NEWS OF THE WEEK.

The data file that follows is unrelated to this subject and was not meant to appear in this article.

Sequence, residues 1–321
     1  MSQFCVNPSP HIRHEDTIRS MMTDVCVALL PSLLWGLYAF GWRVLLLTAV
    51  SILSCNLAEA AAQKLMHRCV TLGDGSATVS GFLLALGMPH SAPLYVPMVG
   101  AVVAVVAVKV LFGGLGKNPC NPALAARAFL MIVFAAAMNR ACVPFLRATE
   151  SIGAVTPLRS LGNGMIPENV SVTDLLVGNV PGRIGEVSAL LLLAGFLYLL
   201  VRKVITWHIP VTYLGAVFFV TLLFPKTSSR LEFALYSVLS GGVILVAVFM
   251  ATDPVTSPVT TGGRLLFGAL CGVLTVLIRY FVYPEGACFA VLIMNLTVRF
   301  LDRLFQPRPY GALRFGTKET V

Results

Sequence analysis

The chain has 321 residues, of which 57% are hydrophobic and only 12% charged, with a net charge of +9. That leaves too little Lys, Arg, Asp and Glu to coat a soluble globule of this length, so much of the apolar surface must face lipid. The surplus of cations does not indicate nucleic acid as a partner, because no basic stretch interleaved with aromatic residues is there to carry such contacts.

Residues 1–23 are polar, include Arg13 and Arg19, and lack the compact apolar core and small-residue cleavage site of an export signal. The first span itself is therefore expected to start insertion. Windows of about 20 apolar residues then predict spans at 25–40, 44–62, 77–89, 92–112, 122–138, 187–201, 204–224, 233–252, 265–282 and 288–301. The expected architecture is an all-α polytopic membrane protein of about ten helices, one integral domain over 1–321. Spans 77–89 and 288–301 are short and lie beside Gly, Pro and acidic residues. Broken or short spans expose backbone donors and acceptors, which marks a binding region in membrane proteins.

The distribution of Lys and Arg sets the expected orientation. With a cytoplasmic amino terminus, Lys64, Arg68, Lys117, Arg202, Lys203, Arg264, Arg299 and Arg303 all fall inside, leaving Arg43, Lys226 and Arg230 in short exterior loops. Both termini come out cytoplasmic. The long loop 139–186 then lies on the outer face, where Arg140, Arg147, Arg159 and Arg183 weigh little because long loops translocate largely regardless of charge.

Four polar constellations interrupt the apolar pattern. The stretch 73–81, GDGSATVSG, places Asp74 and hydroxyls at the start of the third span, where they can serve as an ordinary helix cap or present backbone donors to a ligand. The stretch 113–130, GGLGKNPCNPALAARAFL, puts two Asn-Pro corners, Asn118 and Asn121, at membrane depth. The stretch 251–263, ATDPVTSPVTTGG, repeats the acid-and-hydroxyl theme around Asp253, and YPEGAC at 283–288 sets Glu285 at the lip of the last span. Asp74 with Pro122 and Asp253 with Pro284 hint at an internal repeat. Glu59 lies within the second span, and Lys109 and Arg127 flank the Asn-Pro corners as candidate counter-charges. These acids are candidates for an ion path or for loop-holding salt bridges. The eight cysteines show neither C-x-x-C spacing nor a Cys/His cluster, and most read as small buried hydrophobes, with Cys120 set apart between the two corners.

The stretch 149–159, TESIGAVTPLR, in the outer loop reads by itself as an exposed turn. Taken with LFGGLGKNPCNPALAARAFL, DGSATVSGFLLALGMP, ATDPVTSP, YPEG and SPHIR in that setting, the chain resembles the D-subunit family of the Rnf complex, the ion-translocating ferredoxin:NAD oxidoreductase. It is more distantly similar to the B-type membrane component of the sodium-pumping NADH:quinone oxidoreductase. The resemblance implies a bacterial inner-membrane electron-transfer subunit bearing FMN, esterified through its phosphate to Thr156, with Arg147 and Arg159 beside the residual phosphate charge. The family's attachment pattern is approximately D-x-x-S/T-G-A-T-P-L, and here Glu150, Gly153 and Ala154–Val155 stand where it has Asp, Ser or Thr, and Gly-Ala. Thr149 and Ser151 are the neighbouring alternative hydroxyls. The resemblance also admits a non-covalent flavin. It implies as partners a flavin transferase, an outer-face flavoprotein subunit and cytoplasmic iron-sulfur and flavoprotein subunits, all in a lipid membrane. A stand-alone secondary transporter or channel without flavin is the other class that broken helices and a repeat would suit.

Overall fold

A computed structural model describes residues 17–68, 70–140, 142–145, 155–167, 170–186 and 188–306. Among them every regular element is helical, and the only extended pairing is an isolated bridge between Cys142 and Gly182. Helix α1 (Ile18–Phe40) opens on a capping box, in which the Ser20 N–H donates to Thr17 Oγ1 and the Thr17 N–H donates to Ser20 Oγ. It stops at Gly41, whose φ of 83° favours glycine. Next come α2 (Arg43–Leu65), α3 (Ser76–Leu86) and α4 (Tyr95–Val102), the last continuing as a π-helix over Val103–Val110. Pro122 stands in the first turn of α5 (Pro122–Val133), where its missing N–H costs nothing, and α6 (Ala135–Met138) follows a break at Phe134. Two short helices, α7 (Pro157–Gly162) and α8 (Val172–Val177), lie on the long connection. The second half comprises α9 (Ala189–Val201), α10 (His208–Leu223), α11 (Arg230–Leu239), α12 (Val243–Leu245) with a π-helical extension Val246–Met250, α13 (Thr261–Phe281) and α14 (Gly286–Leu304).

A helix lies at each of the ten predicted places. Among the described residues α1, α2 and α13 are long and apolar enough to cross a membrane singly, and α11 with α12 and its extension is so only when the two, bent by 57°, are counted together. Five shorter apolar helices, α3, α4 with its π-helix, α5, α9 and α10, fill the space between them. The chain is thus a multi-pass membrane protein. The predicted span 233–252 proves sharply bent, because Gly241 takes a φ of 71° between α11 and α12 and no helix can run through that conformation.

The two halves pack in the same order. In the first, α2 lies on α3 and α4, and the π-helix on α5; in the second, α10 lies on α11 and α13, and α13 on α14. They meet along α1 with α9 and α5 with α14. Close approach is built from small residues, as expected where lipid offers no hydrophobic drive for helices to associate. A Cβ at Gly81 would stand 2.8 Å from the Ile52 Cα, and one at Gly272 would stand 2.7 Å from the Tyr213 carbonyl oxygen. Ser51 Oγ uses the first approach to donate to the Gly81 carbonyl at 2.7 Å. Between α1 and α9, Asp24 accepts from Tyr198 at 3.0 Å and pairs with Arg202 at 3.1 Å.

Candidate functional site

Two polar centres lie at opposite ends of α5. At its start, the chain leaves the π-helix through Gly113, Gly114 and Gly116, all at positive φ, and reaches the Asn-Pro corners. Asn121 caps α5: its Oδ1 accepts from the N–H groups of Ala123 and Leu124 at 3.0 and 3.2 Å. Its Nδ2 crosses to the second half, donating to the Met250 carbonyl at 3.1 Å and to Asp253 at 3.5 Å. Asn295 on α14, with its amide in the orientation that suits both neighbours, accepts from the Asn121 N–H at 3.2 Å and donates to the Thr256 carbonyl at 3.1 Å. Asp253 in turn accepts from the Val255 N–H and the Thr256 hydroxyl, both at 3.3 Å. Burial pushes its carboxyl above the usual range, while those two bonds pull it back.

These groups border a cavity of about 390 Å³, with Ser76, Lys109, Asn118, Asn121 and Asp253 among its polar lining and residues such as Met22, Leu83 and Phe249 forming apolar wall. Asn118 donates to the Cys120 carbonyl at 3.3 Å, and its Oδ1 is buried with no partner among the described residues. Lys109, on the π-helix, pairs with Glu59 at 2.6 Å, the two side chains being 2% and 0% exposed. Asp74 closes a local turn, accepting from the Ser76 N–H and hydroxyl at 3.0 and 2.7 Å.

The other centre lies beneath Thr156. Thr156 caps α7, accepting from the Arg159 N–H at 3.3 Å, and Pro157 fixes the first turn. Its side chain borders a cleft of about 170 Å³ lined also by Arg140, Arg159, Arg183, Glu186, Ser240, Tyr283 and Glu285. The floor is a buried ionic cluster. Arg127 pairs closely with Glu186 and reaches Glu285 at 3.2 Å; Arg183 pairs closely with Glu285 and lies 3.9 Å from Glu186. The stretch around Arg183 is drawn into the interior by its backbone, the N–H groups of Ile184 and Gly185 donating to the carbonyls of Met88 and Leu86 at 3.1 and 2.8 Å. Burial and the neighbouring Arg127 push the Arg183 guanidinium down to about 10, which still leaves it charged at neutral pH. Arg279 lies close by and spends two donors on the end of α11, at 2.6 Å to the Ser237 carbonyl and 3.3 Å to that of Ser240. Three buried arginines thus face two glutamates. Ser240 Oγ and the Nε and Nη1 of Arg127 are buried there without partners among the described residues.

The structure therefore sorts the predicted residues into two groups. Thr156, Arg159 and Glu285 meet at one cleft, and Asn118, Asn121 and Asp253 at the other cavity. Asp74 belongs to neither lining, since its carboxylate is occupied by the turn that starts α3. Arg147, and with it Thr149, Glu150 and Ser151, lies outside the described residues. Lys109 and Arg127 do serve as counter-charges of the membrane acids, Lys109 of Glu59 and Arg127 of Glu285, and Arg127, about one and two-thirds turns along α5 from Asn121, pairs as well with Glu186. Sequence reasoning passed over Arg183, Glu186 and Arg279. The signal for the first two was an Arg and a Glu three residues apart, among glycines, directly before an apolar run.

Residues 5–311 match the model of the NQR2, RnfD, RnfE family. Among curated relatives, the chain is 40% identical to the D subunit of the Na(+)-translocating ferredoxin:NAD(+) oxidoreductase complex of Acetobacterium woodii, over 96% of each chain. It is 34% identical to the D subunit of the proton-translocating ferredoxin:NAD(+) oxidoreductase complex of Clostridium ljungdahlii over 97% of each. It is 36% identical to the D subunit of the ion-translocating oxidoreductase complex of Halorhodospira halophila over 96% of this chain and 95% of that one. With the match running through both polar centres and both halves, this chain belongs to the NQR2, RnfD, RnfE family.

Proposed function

'SHE Demonstration in favour of Reform proposed by the Trades' Unions of London has been organized, and will come off next Monday. The difficulty of finding an open space in the south or west of London large enough to hold two or three hundred thousand people has been obviated by Lord Ranelagh, who has lent the workmen Beaufort House, the rifle-ground of his Volunteer regiment. The Government has refused to allow the Unions to swear in some of their men as special constables, but expresses a firm hope that there will be no disorder, a hope which, considering that Mr. Walpole has paralyzed the Unions, that the procession must be at least ten miles long,—a mile to every 10,000 walking six abreast,—that it will return after dusk, and that the police must be on duty the whole day, is a trifle sanguine. The workmen will be orderly enough, but to every man in the procession there will be at least three sight-seers, of whom one will be a lad "out for the spree," and ready for any niischief short of arson or manslaughter. We trust Mr. Walpole will not have to repent his weak distrust of popular aid, and that Mr. Potter will be able to control his camp followers as well as his soldiery. If he can, the scene will be a most striking one, the first grand display of popular physical force since Chartism expired.